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Vendors support VMware consolidated backup

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5 things you didn’t know about cloud backup

Earlier this year VMware announced the release of VMware Infrastructure 3 Enterprise Edition, the company's flagship virtualization software for x86 architecture platforms.

Among the new features in the release, perhaps the most interesting is VMware Consolidated Backup. This week VMware announced that many of the leading suppliers of backup and recovery software solutions, including CA, CommVault, EMC, IBM Tivoli, Symantec, and Vizioncore, have committed to support VMware Consolidated Backup.

This is an important announcement. While VMware Consolidated Backup is designed to make it simple and fast to back up and recover VMware virtual systems, there are few organizations that would not wish to make use of these capabilities in conjunction with their existing storage management tools.

The fact that so many of the most widely deployed backup and recovery tools have pledged to support the product should ensure that customers can make use of this new data protection functionality with few difficulties. With VMware Virtual machines now being deployed in mainstream business use there is a clear need to ensure that such systems can be protected easily.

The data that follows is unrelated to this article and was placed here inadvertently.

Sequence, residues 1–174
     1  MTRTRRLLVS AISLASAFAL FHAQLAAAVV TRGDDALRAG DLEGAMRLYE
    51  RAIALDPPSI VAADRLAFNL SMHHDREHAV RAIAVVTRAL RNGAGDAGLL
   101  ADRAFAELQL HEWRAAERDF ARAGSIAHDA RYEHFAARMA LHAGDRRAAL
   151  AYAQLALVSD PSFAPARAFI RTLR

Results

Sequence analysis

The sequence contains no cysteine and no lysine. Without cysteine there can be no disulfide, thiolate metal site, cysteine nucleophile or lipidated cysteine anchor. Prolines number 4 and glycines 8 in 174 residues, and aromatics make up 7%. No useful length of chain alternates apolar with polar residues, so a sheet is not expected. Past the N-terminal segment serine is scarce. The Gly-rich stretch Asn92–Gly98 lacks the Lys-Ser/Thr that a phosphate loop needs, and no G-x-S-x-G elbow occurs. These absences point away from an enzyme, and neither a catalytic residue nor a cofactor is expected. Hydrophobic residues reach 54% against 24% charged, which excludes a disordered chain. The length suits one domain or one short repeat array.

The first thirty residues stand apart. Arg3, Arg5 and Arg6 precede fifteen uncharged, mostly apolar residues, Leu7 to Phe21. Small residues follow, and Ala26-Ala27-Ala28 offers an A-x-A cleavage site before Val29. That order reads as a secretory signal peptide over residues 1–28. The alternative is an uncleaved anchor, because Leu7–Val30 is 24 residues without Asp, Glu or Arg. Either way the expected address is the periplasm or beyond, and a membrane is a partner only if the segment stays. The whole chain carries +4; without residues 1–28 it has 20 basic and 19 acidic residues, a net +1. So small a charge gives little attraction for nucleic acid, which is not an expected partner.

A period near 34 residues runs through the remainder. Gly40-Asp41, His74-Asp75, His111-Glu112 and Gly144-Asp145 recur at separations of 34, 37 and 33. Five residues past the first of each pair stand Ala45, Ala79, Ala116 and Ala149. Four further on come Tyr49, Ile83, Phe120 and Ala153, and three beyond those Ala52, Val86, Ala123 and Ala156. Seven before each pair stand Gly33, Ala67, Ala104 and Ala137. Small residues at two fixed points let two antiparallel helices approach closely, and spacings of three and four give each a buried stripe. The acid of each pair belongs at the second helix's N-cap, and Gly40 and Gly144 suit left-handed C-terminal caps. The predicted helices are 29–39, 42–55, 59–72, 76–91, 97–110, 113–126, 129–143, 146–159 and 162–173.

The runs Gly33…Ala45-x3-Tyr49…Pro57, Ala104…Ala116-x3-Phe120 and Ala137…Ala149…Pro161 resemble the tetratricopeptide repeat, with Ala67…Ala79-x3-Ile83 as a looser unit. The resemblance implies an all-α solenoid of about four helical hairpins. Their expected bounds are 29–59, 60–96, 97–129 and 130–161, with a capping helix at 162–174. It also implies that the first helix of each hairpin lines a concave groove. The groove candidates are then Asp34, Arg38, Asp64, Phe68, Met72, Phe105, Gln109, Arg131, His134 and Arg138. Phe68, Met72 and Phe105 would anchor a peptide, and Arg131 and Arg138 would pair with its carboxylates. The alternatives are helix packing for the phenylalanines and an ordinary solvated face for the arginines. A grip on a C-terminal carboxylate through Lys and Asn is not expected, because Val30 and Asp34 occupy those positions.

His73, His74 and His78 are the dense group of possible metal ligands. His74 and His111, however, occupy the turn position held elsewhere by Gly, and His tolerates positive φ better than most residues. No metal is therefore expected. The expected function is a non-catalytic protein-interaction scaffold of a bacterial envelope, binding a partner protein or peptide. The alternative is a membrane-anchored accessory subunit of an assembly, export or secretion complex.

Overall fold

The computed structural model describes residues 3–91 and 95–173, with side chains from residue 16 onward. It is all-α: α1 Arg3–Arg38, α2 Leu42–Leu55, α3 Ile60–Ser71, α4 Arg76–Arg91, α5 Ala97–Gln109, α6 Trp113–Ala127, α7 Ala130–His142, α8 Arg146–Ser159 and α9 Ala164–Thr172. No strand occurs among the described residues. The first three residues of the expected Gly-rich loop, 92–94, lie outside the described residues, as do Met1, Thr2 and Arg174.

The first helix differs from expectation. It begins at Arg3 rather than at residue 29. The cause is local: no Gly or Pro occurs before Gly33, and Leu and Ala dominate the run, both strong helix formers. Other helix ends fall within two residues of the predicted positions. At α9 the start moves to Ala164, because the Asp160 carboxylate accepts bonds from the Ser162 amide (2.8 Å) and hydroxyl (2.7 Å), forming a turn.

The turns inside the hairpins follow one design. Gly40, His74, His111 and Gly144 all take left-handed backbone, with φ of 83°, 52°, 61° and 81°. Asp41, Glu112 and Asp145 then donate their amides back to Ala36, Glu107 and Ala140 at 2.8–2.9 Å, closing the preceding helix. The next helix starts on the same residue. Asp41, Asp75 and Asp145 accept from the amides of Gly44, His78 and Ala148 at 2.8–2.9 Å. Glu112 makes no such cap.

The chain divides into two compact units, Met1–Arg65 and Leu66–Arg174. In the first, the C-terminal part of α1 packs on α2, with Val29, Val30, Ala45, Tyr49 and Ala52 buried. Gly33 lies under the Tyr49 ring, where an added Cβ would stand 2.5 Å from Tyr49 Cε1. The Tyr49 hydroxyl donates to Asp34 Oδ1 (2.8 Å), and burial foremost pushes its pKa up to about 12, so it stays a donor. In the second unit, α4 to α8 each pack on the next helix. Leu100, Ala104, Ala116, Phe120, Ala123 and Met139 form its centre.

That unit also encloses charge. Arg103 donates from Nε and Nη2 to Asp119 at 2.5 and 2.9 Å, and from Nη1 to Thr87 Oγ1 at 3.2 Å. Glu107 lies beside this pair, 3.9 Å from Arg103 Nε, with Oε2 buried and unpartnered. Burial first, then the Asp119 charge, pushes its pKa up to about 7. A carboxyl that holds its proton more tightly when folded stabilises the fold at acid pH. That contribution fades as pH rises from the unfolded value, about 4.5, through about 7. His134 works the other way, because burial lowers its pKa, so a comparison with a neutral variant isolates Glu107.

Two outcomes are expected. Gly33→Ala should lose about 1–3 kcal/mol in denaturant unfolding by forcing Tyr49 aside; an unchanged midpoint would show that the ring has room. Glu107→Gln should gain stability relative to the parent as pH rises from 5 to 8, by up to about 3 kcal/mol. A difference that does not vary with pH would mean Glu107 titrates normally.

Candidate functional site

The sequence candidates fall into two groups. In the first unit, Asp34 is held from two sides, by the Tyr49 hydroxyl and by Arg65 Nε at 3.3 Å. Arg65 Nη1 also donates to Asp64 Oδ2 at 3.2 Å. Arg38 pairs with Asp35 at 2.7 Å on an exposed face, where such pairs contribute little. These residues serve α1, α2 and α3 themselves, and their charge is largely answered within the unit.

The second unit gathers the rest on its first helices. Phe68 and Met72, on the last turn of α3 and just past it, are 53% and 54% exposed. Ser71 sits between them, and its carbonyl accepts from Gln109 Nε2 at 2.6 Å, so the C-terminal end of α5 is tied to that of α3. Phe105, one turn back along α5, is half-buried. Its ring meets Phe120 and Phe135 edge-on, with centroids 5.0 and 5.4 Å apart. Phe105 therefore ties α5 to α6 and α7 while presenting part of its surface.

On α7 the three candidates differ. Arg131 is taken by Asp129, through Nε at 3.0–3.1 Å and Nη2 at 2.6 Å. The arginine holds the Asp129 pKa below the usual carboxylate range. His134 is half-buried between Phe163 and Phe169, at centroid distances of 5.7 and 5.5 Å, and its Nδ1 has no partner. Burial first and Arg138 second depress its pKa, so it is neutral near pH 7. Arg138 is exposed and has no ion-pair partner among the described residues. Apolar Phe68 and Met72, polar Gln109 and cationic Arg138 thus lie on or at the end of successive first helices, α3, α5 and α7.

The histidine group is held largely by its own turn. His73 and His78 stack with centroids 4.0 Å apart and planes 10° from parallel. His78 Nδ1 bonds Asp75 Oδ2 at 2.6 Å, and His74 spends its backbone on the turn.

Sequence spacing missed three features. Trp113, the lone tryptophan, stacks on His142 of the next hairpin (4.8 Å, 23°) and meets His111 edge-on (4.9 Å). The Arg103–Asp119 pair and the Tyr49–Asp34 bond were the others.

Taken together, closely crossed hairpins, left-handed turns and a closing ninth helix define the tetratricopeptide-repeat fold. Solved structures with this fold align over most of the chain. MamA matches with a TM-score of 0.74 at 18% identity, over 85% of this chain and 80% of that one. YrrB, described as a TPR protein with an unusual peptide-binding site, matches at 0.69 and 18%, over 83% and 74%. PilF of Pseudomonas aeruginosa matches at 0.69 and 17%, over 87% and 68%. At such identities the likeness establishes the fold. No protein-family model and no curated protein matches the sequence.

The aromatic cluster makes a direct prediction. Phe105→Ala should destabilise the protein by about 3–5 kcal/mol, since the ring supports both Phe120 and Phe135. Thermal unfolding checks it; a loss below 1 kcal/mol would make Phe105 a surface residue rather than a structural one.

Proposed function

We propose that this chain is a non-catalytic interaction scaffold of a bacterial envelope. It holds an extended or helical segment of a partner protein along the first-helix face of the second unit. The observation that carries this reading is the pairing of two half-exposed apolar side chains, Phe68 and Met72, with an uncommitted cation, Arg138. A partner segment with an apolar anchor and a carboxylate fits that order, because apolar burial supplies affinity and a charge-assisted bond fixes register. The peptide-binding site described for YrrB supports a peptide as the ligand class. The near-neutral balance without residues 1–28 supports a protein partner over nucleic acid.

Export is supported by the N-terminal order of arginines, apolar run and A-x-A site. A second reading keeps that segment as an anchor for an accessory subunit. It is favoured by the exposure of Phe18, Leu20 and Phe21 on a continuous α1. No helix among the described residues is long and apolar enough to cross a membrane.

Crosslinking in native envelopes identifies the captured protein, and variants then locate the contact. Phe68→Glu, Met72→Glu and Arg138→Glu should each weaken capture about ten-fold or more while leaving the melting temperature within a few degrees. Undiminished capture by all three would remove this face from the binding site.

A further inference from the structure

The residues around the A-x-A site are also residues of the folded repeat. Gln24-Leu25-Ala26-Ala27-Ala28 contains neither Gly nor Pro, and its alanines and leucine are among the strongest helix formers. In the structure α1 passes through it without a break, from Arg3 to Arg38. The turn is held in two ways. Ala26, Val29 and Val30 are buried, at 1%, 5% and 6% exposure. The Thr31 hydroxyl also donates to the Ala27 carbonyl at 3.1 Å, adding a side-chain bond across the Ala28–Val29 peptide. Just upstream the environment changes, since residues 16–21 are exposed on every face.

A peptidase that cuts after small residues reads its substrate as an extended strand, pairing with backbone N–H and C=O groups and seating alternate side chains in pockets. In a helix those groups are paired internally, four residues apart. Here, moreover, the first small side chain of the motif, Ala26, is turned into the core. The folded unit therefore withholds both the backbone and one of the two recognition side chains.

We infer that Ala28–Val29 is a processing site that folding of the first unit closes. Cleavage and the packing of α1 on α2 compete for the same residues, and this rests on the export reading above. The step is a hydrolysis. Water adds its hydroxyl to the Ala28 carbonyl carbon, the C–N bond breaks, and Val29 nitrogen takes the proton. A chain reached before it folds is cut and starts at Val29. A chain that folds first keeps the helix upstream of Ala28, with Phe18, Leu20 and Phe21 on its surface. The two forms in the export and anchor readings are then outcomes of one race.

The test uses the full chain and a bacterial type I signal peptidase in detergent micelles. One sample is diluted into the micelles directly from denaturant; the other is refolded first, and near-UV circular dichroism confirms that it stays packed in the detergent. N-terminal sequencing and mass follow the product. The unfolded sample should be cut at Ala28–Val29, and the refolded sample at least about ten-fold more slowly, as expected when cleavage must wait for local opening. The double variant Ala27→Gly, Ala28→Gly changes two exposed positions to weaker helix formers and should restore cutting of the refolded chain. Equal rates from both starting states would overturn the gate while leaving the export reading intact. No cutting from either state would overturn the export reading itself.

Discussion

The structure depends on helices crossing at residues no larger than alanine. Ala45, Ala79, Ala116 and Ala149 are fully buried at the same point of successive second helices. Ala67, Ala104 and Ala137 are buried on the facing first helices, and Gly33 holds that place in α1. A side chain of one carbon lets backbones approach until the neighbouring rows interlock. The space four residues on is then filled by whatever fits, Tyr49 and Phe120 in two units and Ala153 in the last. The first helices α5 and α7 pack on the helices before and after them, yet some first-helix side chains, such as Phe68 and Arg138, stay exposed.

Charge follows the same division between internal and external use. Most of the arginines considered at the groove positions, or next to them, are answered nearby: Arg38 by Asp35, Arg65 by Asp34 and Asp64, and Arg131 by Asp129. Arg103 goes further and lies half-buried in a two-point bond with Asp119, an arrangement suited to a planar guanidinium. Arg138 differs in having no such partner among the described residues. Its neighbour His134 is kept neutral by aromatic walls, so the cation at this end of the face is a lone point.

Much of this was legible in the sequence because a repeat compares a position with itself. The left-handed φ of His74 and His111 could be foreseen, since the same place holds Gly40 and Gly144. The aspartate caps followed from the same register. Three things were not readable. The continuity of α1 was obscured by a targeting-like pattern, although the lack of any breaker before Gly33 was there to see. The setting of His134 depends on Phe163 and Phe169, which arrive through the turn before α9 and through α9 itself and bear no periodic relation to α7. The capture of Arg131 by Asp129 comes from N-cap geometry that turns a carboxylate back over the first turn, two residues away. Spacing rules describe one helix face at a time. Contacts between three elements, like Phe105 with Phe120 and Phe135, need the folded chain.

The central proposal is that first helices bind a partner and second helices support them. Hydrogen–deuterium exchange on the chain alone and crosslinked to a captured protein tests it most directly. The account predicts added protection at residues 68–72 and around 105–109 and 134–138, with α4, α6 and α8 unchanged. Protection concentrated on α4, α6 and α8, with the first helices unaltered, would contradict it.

VMware Consolidated Backup simplifies data protection of VMware ESX Servers by offloading backup to a centralized server. This allows each physical server to run more virtual machines by reducing its load and enables backup to occur safely, even during production hours. More importantly still it also becomes possible to perform full system recovery more quickly.

This announcement demonstrates that the major management software vendors now consider the VMware platform to be a tier one product. Virtual machines can help in many scenarios, but without suitable protection and management solutions in place the benefits achievable can be diluted.

VMware has always taken great pains to ensure that its management and administration facilities addressed these matters and it is abundantly clear that the major systems and storage management vendors now consider VMware to be a platform that is utilized enough to demand their full support.

It is now down to VMware and potential customers to understand exactly how virtual machines will fit into core business use. There is no one answer and organizations will need to make available the time and skilled manpower to evaluate whether such systems are for them. They must also ensure that these platforms become part of their central management infrastructure and processes, and not only with respect to backup and recovery.

Copyright © 2006, The Sageza Group

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